It is thanks to colonialism that, for a while, Christian Iraqis enjoyed equal protection under the law in Iraq—this was due to the British helping the Muslim government in Iraq create a Constitution which treats all people equally. Here’s a taste of the language of that document:

There shall be no differentiation in the rights of Iraqis before the law, whatever differences may exist in language, race or creed.

And although after defeating the Ottoman Empire the British did not give the Christian Assyrians in Northern Iraq a self-governing province where Christians could be safe from Muslim rule, they did help bring Iraq into the modern world, and they did create a space where Christians could flourish in a way they could not have previously.

I appreciate what Christopher Kimball has accomplished in the past, and if he wants to translate a Thai recipe which I can try at home, that would be wonderful and I may attempt to make it. But let him not preach to me that my ethnic food is a myth and that it’s a result of colonialism. If he wants his new venture to succeed, he may want to choose a different approach to judging the food of others.

Image: By MelissaBaldino (Own work) [CC BY-SA 4.0 (http://creativecommons.org/licenses/by-sa/4.0)], via Wikimedia Commons

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  • SamHamilton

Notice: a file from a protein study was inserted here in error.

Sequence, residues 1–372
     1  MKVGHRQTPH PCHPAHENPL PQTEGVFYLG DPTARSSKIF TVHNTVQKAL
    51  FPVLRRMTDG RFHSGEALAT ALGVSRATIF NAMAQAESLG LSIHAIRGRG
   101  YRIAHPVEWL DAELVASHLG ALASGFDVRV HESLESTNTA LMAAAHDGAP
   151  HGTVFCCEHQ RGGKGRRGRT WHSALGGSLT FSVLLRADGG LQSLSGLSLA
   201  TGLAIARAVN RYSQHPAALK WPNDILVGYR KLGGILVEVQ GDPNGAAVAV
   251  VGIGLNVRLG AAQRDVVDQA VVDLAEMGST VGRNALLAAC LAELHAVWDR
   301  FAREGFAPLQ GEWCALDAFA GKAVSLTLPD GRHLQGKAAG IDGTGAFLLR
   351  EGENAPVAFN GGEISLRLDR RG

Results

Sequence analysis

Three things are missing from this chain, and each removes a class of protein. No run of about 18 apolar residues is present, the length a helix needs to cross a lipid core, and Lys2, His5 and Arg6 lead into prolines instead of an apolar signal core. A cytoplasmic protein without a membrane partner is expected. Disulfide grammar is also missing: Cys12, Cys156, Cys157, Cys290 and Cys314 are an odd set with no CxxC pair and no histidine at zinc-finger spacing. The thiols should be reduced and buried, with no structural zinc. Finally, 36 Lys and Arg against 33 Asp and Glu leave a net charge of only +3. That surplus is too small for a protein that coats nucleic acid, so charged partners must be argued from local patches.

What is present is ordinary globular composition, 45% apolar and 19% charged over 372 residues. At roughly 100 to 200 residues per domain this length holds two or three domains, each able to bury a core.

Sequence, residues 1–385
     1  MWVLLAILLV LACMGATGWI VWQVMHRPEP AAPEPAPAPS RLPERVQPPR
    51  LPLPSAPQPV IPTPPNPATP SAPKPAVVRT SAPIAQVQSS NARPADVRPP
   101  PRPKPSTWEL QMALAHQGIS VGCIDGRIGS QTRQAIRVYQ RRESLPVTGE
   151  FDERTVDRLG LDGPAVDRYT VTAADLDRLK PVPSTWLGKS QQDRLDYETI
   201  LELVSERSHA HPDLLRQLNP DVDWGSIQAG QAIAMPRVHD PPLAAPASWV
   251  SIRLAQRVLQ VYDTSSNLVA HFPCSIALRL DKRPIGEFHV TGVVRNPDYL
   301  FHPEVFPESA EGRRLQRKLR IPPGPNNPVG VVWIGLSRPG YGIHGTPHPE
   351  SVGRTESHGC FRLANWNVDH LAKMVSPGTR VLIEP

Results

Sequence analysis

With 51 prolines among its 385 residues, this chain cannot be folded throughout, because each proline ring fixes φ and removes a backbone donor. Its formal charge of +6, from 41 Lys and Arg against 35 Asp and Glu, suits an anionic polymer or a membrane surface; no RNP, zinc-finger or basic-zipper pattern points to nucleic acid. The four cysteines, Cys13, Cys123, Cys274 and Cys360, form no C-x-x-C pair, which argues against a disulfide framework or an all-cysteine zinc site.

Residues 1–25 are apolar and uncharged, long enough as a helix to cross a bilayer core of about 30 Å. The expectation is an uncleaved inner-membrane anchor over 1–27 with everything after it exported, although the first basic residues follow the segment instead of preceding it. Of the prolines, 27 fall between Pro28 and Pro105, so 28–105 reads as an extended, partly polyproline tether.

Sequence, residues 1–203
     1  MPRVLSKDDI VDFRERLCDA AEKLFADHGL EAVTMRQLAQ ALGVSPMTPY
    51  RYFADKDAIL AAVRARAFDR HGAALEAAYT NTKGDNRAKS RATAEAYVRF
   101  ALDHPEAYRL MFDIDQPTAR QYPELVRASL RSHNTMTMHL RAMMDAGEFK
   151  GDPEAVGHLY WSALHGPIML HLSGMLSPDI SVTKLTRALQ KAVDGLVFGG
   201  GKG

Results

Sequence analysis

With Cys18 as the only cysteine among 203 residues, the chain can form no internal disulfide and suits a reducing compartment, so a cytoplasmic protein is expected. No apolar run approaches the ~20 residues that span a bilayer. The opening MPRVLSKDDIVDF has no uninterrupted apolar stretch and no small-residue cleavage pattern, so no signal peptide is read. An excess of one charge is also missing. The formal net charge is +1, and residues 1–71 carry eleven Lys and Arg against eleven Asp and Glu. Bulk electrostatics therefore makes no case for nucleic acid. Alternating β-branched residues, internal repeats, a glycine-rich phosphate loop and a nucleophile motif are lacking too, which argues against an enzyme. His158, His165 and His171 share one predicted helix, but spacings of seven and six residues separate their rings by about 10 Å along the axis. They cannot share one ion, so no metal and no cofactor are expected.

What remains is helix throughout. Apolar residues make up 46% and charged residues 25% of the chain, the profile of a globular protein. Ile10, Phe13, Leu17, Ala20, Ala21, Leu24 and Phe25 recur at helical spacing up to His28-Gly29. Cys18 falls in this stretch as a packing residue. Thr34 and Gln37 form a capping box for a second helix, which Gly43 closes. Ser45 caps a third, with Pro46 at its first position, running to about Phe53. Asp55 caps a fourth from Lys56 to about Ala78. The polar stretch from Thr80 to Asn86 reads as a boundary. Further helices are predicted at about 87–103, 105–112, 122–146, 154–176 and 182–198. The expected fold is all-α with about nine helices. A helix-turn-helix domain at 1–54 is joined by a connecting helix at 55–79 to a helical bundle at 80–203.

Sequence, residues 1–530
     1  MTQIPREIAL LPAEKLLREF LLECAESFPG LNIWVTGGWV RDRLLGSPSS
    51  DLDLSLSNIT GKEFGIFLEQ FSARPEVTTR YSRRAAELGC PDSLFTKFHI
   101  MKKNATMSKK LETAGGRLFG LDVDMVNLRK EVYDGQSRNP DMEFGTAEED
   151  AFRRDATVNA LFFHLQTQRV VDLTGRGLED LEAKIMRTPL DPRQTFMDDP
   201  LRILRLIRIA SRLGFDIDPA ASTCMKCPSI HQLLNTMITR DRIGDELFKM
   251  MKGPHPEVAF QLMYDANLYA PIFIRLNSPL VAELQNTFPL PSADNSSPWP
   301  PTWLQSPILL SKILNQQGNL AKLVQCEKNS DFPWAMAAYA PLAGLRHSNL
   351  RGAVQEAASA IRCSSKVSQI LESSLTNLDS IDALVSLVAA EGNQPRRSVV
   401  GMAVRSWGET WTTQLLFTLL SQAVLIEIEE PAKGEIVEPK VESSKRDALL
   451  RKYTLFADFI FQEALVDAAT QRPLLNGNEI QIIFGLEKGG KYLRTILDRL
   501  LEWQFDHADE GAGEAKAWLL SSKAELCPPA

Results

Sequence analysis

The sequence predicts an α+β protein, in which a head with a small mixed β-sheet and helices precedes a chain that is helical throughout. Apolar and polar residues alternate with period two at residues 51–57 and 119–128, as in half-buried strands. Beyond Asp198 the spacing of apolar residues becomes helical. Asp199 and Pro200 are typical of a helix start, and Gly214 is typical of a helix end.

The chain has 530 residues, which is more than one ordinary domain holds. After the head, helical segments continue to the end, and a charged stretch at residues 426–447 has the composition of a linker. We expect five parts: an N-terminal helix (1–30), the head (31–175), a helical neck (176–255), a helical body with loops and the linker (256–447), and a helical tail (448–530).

I like Kimball, but I have no idea what he means when he says that ethnic food is dead or that it smacks of colonialism. Ethnic food is simply the food that people of other ethnicities eat. So to ethnic Germans, Italian food is ethnic. But Italian food in Italy is not ethnic, but German food would be. I’m not sure what the problem with this is.

    • SheRa

      I don’t think there is a problem. Just a perceived one on Kimball’s part. I know colonialism wasn’t all sunshine and rainbows, but to say ethnic food is dead and colonialism is to blame? Trying to connect dots that don’t connect.

      Plus with all of these foodie movements, I think there is more of a spotlight on ethnic foods and “pure” ethnic flavors, even as the world takes and adapts these cuisines. I can’t count how many times I’ve gone out with friends who want “authentic” this and “real” that. There is still a demand. Kimball is reaching.

  • SheRa

    Yes, food is food, but everything is ethnic through different lenses. I think one of the wonderful things about this world is that you can spin a cuisine and make it your own with the addition of other influences (i.e. your own culture or something as simple as not having the right ingredients available at your grocer), but that does not mean that ethnic foods are dead. I can appreciate Tex-Mex just the same as I appreciate authentic Mexican. Tex-Mex doesn’t destroy the culinary identity of the Mexican people, it can be used as a doorway to their cuisine.

    In my opinion, colonialism can’t stop someone from making a dish from their great great great great grandmother’s recipe. Christopher Kimball is trying to make this into something bigger than it is. If he wants to have a discussion about colonialism from a drawback and benefit perspective, that’s a different story. But since he does food, he wants to tie his messaging back to food. I don’t find it relevant in this case. I am trying to think of one culture that completely lost their culinary identity due to colonialism…if someone can think of any, please let me know. I’m not claiming they don’t exist, I just can’t think of any off the top of my head.

  • SutureSelf

    “Christopher Kimball, [is] the founder of Cook’s Illustrated magazine and the popular public television show America’s Food Kitchen…”

    That would be America’s Test Kitchen.